The first hint of directorial disagreement in the matter came when Mr. Searle contacted me early this afternoon after having his attention drawn to statement in the morning papers regarding the Everton inquiry about Hickson. He had only returned by boat earlier in the morning from a fortunately holiday in Ireland and knew nothing about the negotiations. “The news was a complete shock to me” he said. “There has been no Board meeting while I have been away and so far as I am aware the move has been made following telephone calls between some of the directors. “Although I left my address and telephone number with the club’s officials before going to holidays I was not consulted and only learned of what had been done a little while ago. “Had I been advised what was in the wind, I should have expressed my disproval t once, I have got to deal with the critical of my colleagues whose I know to have been actuated only by their concern for the future well-being of the club, but I feel most strongly about this proposal and am definitely against any further steps being taken with a view to signing Hickson. “It we need to buy players and I am definitely of the opinion that we do, and good ones –I feel we should go out into fresh fields and get new faces. All I am concerned about is the success and prosperity of the Everton club, and with providing first class football for the people who support us and provide the money which enables us to keep going concluded Mr. Searle.
Hickson, in his early days was something of a stormy petrel and the subject of official reprimands and much controversy among football followers I am told, however, that the has shed his former impetuously on the field. The next move will be up to the board, which is due to meet Tuesday evening. It is doubtful however, whether all the directors will be present. Mr. T.C. Nuttall chairman of the playing staff, subcommittee is still confined to his home and unable to attend to business except on the telephone, and Mr. Ernest Green is also ill. Prior to Mr. Searle’s Intervention, Mr. Jack Sharp acting-chairman of the playing staff sub-committee, during Mr. Nuttall’s absence was in touch with Huddersfield Town by telephone this morning, for lowing an interview which Hickson had with two members of the sub-committee in Liverpool last evening.
Everton than made an offer to the Yorkshire club for Hickson’s signature. What this was has not been disclosed, but Mr. Bill Shankly, Huddersfield’s manager, told me when I telephoned him that it fell well short of their estimate of Hickson’s value. “I have told Everton the fee we are prepared to accept” he added, “and it is now up to them. Several other clubs are also interested.” So far as the player himself is concerned, he would much prefer returning to Everton than going anywhere else, and is not likely to sign for any other club while there is the possibility that Goodison Park might still be in the running. He has told their officials that he has always regretted leaving Everton and that he would be glad of the opportunity to prove to them that he still has plenty of top-class football in him.
Many Everton followers would like to see the player back in the Goodison team. Even some of those who could not condone his occasional impetuous actions feels that he would being much needed thrust and fighting spirit to a forward line which has never had anybody to compare with him in these attributes since his departure. To many he is still a popular herd, and there are those who consider that he did more than any other single player to help the club to regain it’s First Division status. There the matter must remain until the board meeting has hammered out the position on Tuesday next. Hickson was transferred by Everton to Aston Villa in September 1955, at a fee of around £25,000 but moved to Huddersfield after only a short spell with the Midland team. During his career at Goodison Park he made 151 appearances in League and Cup matches scoring 69 goals.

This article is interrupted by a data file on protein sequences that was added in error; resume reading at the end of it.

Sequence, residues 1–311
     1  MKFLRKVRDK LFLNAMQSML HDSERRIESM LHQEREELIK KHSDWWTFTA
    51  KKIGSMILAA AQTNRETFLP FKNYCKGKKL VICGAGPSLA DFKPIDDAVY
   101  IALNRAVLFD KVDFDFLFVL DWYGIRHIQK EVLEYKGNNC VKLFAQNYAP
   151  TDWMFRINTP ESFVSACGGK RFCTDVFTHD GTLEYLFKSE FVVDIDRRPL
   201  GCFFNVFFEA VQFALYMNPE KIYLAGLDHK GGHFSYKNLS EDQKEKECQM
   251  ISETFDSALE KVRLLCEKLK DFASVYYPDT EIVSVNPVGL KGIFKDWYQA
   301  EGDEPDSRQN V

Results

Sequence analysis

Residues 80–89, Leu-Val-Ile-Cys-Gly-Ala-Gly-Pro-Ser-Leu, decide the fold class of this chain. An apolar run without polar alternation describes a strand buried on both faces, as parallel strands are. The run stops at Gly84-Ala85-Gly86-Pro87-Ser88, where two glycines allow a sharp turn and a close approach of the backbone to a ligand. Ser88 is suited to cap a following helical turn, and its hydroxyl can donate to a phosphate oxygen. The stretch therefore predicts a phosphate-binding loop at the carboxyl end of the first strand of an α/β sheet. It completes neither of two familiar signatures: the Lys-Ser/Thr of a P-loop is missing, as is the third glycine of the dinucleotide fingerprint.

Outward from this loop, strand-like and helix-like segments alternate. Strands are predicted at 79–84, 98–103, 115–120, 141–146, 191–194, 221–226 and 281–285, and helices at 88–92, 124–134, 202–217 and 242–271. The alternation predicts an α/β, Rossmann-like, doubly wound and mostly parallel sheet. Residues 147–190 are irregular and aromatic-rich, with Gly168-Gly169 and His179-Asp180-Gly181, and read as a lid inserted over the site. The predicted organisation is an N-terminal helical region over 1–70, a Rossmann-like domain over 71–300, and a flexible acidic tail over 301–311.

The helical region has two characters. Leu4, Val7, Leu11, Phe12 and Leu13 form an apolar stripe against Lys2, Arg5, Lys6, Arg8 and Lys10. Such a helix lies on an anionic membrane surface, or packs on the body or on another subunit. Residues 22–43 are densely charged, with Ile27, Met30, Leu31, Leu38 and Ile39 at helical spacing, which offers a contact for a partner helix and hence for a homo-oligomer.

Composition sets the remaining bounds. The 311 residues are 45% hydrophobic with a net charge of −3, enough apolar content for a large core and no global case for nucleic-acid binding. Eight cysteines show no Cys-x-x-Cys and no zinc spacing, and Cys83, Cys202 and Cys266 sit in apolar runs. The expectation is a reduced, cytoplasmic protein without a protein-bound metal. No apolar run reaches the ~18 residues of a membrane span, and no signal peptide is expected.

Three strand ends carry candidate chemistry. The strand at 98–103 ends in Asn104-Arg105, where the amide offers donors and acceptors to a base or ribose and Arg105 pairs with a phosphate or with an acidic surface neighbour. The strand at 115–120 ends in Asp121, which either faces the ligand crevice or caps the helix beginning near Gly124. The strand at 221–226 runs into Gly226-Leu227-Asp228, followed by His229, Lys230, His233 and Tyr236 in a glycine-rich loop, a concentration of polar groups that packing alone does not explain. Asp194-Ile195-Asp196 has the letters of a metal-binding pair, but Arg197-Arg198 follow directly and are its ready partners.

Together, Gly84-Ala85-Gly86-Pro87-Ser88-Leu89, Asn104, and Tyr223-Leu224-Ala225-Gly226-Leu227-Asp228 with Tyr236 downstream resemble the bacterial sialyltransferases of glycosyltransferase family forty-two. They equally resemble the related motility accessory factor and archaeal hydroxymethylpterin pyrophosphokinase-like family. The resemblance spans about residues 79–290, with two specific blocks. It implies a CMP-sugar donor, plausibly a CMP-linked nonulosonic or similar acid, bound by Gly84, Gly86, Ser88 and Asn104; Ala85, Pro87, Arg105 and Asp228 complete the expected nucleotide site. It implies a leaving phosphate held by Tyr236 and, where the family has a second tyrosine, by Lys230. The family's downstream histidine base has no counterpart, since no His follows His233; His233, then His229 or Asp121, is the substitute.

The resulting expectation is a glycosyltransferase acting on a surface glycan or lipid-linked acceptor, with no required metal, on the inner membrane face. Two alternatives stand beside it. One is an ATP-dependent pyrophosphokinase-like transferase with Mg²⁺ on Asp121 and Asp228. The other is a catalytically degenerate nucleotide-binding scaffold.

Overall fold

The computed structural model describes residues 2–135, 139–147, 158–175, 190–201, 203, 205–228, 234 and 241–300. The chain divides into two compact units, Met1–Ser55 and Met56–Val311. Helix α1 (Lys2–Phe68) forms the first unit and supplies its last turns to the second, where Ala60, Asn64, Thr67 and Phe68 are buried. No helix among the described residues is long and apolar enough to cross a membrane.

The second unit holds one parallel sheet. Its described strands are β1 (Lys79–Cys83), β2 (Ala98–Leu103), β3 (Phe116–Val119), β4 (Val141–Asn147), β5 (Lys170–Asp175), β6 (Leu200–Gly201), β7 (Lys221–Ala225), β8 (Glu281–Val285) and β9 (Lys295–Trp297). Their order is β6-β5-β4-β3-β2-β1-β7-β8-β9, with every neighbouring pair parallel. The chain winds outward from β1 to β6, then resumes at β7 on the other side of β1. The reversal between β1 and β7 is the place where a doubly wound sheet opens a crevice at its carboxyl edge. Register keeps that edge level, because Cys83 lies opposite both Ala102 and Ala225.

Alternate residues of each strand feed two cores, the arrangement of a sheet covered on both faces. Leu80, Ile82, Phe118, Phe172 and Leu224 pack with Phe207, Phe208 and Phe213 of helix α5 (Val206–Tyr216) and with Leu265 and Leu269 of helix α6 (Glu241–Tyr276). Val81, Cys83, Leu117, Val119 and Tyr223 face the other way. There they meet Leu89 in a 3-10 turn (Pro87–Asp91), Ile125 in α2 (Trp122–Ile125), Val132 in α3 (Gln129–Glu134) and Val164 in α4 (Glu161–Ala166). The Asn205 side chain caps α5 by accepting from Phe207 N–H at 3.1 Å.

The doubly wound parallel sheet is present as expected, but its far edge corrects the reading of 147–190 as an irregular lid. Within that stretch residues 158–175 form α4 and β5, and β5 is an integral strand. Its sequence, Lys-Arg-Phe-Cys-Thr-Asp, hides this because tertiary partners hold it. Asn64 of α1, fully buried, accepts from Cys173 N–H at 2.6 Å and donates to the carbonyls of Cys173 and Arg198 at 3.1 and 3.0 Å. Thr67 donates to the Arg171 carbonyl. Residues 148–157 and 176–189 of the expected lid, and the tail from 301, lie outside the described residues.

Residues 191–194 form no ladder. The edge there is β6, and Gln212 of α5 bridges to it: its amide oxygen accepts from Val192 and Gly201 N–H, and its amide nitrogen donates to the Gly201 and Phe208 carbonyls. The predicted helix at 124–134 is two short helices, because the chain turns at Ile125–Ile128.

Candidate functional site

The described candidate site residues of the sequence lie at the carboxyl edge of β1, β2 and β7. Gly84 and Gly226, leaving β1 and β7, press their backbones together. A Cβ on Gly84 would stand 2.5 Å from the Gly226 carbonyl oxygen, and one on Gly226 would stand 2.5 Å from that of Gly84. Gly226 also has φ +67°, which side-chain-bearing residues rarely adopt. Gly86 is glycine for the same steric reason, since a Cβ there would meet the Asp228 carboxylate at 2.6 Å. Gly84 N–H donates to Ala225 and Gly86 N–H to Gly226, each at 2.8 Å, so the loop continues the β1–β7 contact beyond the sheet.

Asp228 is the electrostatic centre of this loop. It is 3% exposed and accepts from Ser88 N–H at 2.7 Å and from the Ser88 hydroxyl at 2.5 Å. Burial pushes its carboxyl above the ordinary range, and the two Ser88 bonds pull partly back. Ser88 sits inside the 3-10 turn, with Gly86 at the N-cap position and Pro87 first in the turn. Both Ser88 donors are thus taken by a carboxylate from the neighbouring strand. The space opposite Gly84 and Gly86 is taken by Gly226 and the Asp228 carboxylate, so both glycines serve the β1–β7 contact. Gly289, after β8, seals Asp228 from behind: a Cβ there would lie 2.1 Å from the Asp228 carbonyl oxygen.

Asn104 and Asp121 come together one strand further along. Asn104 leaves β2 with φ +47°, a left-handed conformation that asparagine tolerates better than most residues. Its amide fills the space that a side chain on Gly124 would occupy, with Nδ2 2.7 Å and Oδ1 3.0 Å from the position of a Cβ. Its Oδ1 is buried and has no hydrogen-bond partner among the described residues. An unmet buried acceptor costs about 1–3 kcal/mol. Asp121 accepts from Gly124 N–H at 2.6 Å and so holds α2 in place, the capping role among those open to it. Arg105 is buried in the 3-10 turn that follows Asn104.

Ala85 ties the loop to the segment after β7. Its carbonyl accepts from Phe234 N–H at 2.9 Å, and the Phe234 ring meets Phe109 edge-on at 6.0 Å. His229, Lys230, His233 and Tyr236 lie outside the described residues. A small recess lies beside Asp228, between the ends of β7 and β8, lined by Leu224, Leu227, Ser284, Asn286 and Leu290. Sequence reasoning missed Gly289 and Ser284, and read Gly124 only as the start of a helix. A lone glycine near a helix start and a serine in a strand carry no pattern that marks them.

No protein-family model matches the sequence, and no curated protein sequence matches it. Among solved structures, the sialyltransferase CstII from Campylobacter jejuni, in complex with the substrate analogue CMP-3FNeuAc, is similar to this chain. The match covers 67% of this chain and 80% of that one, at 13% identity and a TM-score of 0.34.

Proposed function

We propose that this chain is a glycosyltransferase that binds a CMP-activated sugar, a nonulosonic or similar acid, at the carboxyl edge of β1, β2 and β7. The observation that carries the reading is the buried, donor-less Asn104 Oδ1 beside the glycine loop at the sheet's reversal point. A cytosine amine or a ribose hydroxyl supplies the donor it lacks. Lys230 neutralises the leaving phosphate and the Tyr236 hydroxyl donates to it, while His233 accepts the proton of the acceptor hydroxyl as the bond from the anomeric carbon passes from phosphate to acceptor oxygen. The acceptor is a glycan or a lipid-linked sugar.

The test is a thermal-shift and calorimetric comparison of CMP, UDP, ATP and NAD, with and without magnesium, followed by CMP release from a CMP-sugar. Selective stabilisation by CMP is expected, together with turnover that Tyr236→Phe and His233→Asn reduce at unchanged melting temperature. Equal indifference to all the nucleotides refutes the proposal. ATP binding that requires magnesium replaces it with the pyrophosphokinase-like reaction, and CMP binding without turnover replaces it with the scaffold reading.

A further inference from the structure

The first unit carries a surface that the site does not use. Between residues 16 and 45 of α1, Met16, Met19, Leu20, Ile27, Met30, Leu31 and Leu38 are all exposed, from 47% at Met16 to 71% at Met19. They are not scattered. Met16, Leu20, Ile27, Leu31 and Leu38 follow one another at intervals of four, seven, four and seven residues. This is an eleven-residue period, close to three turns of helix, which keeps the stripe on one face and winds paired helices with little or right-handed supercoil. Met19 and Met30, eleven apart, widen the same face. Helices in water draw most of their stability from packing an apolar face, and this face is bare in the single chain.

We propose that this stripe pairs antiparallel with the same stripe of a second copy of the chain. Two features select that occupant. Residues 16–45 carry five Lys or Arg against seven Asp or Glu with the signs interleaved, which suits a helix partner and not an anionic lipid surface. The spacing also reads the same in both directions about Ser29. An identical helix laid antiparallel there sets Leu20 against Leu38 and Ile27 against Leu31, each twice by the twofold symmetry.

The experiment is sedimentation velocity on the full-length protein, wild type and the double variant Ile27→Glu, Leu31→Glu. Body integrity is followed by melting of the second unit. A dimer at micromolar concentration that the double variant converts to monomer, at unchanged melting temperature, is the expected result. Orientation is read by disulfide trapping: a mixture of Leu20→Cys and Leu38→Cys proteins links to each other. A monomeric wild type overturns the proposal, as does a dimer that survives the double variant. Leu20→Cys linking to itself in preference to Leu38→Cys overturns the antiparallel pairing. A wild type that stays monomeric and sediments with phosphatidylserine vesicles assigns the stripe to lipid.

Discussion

July 22, 1957. The Liverpool Echo
Everton followers will await with great interest the outcome of tomorrow night’s Everton board meeting which is to consider whether to proceed with the negotiations to sign Dave Hickson, their former centre forward from Huddersfield Town. As reported in our summer sports edition Mr. R.E. Searle. Everton’s chairman, who only heard of the move when he returned from holidays on Saturday, is against going any further with the matter.
HICKSON AN OFFER BY EVERTON
July 24, 1957. The Liverpool Echo
Everton F.C directors last night decided to make a firm offer, in writing to Huddersfield Town for the transfer of Dave Hickson, their former centre-forward. It is probable that Hickson, who has already agreed to go to Everton, will become an Everton player again within the new few days. When he was transferred from Everton to Aston Villa in September, 1955 he fee was £20,000. It is understood that Huddersfield Town now want £8,500. At that figure, Hickson, Ellesmere Port-born, would re-pay his fee in less than a season, on the field and at the turnstiles. Everton F.C chairman, Mr. Dick Searle on arrival from holiday in Ireland last weekend, said that he was opposed to the idea of Hickson re-joining Everton. Either he was won over to the pro-Hickson camp at last night’s meeting or out voted. Hickson heading
DAVE HICKSON…HE’S HEADING FOR GOODISON PARK AGAIN
July 24, 1957. The Liverpool Daily Post